India and Asia no.1 in under-11: Mayank Chakraborty
From 1838 in August 2021, Mayank Chakraborty has gained 347 Elo points in the last couple of months when he travelled to Europe, to reach 2185. He is now India and Asia no.1 and world no.6 in the Elo rankings of boys born on or after 2009. The 11-year-old from Assam is a pure natural talent, as all that he achieved in chess has been done without individual training. In this article you get to know the youngster better. You also get to see a couple of his games annotated by the lad himself. This will give you a better understanding with regards to his playing style.
A few days ago, we wrote about a young talent Daakshin Arun - the 11-year-old boy who is ranked number two in the country based on his Elo for players born in 2009. So, who is India no.1?
Mayank Chakraborty hails from Assam and is currently ranked no.1 in India and Asia and no.6 in the world in his age category. Recently he played at the Vezerkepzo IM and First Saturday Nadassy chess tournaments in August and September 2021 and pumped up his rating from 1838 to 2158. In October he played a tournament in Serbia where he gained 27 Elo points to bring his live rating to 2185.
But this wasn't Mayank's first success as a chess player. He was under-9 national silver medalist and under-11 national gold medalist. He has won the under-10 silver medal in Asian chess championship at Sri Lanka and both Gold and bronze in Western Asian chess championship 2019 in classical and blitz format respectively. He has won several district and state championships in Assam, sometimes even in age categories that are much higher than his own.
Understanding Mayank's style
Mayank has a very original style of play which involves active piece play. He doesn't mind going into endgames or queenless middlegames. Tactically sharp and resourcefulness are his biggest traits. Have a look at them in the two games he has shared below.
Mayank vs Tibor
This position is a good example of how Mayank always strives for active play. He could have continued with a move like Be2. But that is slow. Instead he went for Ng5! The idea is to not just put pressure on f7, but also switch the knight to e4 and then to the d6 square.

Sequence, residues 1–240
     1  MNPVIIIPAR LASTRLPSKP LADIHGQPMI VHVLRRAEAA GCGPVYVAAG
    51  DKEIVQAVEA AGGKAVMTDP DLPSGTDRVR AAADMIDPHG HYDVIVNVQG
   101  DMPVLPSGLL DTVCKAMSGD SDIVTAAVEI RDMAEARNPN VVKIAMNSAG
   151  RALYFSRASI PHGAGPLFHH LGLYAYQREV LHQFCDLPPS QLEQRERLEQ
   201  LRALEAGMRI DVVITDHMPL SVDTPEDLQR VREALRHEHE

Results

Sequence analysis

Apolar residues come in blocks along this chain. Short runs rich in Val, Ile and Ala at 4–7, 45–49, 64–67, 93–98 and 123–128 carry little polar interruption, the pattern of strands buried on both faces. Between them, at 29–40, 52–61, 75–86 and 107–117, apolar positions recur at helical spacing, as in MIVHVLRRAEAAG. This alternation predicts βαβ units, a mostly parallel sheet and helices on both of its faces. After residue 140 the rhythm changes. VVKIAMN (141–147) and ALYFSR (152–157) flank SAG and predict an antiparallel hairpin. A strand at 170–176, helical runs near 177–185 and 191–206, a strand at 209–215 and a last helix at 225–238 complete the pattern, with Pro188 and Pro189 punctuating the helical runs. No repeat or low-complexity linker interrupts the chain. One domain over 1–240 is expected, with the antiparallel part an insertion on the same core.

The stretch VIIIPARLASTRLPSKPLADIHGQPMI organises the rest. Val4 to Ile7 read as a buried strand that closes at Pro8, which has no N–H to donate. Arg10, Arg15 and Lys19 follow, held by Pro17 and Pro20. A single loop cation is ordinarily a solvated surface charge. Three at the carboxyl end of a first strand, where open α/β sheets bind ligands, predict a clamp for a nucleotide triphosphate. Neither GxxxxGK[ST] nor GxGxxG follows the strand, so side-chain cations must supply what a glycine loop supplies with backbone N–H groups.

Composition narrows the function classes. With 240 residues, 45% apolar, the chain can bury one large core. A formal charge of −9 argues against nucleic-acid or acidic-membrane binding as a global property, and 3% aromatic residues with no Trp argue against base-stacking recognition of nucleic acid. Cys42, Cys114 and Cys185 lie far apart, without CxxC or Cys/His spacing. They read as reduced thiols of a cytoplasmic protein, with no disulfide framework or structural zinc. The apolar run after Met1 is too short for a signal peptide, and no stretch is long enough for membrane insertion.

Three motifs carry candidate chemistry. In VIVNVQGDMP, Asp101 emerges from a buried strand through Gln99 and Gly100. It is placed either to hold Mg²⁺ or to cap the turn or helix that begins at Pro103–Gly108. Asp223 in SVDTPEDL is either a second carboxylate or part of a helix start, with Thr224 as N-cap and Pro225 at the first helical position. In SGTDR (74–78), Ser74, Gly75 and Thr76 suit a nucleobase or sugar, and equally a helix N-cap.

Once again amidst all the complications, Mayank saw the path ahead clearly with Nd6! Although Tibor managed to equalize the material, the pawn on c5 is extremely strong and Mayank went on to win a great game.
Mayank vs Anup Deshmukh
In his game annotations Mayank makes a very good point about the move h6. He says, "This is not a good move because after White will play Nd2-Nf1-Ng3 Black will not have the move g6 due to the unprotected pawn on h6." This one statement shows how the boy understands the game deeply. Check out the game to understand how Mayank managed to beat his venerable opponent.
Monomita Chakraborty, Mayank's mother has been a big support to the lad's chess career. Being a doctor by profession, she couldn't travel much with Mayank to his tournaments. That's the reason why Mayank's father Keshab Chakraborty decided to quit his job while working in Airtel. Says Monomita, "We need some sponsorship for his advanced coaching and tournament expenses. He is going without an individual coach since his 2018 Nationals. Being in Assam it is quite expensive to train with a GM. Also we are drained out after the back to back foreign trips. It is becoming increasingly difficult for a lone salaried person to sustain his chess career."
Who have been Mayank's coaches till date? His mother replies, "He had a group session with GM Saptarshi Roy Chowdhury in 2018 before the under-9 Nationals. But after that until now he doesn't have any personal trainer. He practices from chess books, classic games and ChessBase Dvds for opening preparations. He is a great fan of Kramnik's positional play. Presently he is working on Kramnik's master class DVD. I have got him admitted in the Killer Chess Training online group academy since the last few months."
It is extremely clear that Mayank has a great feel for the game. He is able to play high quality chess and that too by studying chess on his won, without a trainer. It's very clear that if the boy gets support in his chess career going forward there are high chances that he would become one of the best chess players in the country and the world. We congratulate the young boy and his family for his excellent performance in the last few months and hope that he continues to improve and excel.